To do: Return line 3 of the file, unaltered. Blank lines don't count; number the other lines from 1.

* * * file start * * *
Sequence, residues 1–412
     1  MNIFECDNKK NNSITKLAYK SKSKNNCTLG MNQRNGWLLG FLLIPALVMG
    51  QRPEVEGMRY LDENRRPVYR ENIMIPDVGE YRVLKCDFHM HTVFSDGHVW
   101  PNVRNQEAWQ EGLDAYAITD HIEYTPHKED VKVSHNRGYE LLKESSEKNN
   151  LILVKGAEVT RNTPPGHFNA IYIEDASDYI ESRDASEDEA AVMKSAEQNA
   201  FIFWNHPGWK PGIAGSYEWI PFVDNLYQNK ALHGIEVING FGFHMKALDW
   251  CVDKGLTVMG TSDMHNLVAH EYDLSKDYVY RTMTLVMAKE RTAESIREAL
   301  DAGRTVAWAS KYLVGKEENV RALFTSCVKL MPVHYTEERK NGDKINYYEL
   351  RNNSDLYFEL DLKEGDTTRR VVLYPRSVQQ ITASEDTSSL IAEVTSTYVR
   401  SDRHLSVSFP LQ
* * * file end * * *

    51  QRPEVEGMRY LDENRRPVYR ENIMIPDVGE YRVLKCDFHM HTVFSDGHVW